Miss Green, of Slough, Berkshire, fought for Connie to have surgery to remove the red growth at a young age, despite doctors warning her that Connie would not be eligible for the procedure until she turned ten.
She said: ‘We noticed the birthmark just after she was born. At first we assumed it was a pressure mark from the delivery.
‘After two weeks, the growth had darkened in colour and had become lumpy. We were told it was a regular birthmark which would disappear of its own accord eventually.’
Miss Green sought a second opinion at Great Ormond Street children’s hospital, where specialists diagnosed the mark as hemangioma – a benign tumour – in and around Connie’s nostrils.
Connie was prescribed medication to halt the spread of the growth and a consultant advised that she would be able to undergo surgery to remove it completely when she turned ten years old.
Miss Green said that her daughter told her at 18 months old that she didn’t like her nose and she wanted one like her mother’s.
‘It was very difficult to hear. As her mother I wanted to do everything I could for her’, she said.
Negative reactions at pre-school eventually prompted Miss Green, her partner and Connie’s father Tom Lloyd, 26, a mechanic, to pursue options for removing the birthmark.
‘Children in Connie’s playgroup were curious and sometimes they would prod at her nose. She found it very upsetting,’ Miss Green said.
‘The school photographer even asked me whether I would like Connie’s birthmark airbrushed out of the final class picture. I found it offensive. Connie was who she was, and we loved every bit her of her.
‘But I started to think about Connie going through her school years, dealing with those kinds of reactions at every turn.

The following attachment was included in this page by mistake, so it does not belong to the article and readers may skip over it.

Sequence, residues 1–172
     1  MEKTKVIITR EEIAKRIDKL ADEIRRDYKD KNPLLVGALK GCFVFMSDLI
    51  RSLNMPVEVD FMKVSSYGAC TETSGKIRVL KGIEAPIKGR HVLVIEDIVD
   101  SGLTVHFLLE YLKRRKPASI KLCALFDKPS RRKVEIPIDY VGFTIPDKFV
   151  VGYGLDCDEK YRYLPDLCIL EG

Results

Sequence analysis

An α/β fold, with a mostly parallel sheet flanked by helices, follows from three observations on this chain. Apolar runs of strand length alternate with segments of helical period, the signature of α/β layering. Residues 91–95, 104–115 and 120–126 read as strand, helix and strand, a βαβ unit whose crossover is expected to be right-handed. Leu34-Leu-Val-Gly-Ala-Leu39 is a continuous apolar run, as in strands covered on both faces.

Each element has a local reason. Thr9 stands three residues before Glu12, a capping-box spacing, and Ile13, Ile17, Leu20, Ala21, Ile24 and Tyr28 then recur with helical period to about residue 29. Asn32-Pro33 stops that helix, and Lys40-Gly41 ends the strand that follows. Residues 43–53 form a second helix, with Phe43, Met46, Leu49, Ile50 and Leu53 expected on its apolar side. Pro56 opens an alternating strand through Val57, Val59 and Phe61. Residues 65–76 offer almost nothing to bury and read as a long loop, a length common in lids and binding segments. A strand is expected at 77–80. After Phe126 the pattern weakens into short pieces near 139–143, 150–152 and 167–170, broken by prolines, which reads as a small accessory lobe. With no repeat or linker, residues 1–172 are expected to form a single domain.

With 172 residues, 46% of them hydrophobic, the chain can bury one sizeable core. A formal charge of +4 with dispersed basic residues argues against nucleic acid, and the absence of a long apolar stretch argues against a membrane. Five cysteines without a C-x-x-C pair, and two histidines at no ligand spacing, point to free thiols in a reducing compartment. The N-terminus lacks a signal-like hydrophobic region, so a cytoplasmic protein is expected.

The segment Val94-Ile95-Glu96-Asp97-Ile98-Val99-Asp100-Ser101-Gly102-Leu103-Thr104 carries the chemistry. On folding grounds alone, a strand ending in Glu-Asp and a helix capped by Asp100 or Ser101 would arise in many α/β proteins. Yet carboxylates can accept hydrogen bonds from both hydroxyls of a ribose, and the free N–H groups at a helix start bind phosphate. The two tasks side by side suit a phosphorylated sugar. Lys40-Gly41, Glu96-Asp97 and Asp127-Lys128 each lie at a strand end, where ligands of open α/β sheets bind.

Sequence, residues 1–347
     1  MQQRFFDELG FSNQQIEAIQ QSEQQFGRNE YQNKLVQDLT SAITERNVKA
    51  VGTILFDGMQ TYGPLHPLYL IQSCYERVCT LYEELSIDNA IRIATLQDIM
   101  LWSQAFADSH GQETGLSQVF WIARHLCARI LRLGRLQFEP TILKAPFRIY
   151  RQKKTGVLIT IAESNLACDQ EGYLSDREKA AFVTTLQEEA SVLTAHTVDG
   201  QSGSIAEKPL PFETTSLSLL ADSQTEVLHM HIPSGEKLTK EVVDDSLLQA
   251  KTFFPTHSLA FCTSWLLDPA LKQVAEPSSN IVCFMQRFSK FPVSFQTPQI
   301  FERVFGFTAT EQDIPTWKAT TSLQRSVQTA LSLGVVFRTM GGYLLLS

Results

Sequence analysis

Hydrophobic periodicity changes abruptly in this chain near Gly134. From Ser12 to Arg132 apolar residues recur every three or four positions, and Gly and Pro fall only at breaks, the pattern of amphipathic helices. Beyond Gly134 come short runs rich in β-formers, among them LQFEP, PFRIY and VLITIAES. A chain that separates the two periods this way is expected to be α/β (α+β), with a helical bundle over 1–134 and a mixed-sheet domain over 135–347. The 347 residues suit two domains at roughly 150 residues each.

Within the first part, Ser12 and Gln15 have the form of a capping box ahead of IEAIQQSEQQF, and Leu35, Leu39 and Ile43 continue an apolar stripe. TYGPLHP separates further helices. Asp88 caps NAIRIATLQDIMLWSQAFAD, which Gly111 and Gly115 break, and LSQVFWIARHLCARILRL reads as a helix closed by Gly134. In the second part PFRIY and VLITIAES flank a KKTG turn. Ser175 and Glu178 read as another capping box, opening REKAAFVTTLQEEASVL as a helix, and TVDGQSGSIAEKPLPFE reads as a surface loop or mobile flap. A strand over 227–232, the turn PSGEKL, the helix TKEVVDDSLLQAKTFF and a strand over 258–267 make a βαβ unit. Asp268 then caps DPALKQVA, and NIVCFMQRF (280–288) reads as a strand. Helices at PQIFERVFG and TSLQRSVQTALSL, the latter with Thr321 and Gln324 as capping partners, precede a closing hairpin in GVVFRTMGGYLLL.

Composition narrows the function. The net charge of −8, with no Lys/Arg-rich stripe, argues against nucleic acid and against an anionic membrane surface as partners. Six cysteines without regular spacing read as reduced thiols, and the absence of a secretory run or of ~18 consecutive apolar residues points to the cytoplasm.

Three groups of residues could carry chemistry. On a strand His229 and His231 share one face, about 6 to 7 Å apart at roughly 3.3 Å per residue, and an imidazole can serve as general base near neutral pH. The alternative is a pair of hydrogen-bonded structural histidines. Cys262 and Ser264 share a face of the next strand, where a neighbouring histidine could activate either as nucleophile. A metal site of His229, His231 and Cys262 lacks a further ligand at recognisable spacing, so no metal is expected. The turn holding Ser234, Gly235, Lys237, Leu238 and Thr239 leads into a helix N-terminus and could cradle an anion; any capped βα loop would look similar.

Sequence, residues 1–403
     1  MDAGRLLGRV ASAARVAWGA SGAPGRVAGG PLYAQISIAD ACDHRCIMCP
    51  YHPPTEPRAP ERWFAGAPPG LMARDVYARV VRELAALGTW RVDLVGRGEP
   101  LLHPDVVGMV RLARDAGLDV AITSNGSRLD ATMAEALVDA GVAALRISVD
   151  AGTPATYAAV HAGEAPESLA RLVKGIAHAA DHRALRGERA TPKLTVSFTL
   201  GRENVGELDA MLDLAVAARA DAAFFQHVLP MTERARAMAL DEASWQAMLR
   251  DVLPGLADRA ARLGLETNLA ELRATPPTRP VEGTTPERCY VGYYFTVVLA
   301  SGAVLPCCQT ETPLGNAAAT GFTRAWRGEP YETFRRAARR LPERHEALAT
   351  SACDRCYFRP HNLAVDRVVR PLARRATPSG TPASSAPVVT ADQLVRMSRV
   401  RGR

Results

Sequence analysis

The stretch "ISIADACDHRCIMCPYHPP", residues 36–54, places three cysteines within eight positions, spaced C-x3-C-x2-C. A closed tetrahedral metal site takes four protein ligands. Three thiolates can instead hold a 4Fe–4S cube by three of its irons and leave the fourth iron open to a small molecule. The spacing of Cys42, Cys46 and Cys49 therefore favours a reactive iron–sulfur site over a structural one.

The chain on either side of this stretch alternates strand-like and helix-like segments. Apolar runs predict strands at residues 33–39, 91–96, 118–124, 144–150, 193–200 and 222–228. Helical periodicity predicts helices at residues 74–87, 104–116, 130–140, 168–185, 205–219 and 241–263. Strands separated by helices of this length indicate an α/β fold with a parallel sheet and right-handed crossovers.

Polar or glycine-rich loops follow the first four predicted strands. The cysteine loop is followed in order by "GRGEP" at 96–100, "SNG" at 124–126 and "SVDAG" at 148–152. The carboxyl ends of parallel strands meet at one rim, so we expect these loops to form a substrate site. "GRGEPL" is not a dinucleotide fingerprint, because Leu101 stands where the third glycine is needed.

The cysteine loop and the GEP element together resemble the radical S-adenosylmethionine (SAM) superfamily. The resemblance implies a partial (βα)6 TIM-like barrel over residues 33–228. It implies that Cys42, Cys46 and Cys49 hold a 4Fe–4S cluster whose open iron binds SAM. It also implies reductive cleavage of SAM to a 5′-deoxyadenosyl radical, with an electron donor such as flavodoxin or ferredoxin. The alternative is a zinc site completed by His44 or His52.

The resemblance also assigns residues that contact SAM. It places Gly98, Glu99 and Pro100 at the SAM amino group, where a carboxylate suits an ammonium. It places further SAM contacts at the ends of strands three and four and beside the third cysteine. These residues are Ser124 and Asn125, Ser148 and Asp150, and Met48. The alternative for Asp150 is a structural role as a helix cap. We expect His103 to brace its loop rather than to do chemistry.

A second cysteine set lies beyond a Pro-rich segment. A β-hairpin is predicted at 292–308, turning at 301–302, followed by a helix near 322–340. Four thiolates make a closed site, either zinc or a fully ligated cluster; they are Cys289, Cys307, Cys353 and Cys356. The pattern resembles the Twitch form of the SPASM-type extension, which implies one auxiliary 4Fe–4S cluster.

‘We found the charity Saving Faces who put us in touch with Professor Iain Hutchison. We had a consultation with him within two weeks of getting in touch. It all happened amazingly quickly.’
Connie was approved for NHS funding worth £2,000 and underwent the surgery in March 2011, shortly before the birth of her little brother Archie, 2.
Connie’s nose is continuing to heal but she has not experienced any problems fitting into Reception Class at Stoke Poges Primary School.
Miss Green said Connie is no longer subjected to insensitive reactions and has developed into a lively, confident schoolgirl who enjoys taking selfies.
She said: ‘Connie’s Christmas play was last week and she played a cat as part of a large group of friends who were also playing cats. People don’t associate her with a birthmark at all now.
‘She’s developed a huge amount of confidence. The change has been incredible – she’s almost a completely different girl. She’s not shy in the slightest.
‘She has loads of friends and loves going to class.
Miss Green said that while surgery can be daunting for parents but she had to think of Connie’s future long-term.
‘If I’d had left it to the doctors who suggested we didn’t go for surgery, Connie’s life would have been completely different.
‘I’m so glad we did. We have no regrets at all.
Read more: http://www.dailymail.co.uk/health/article-2525827/Child-bright-red-nose-spared-playing-Rudolph-school-play-thanks-surgery.html#ixzz2nqjCsolk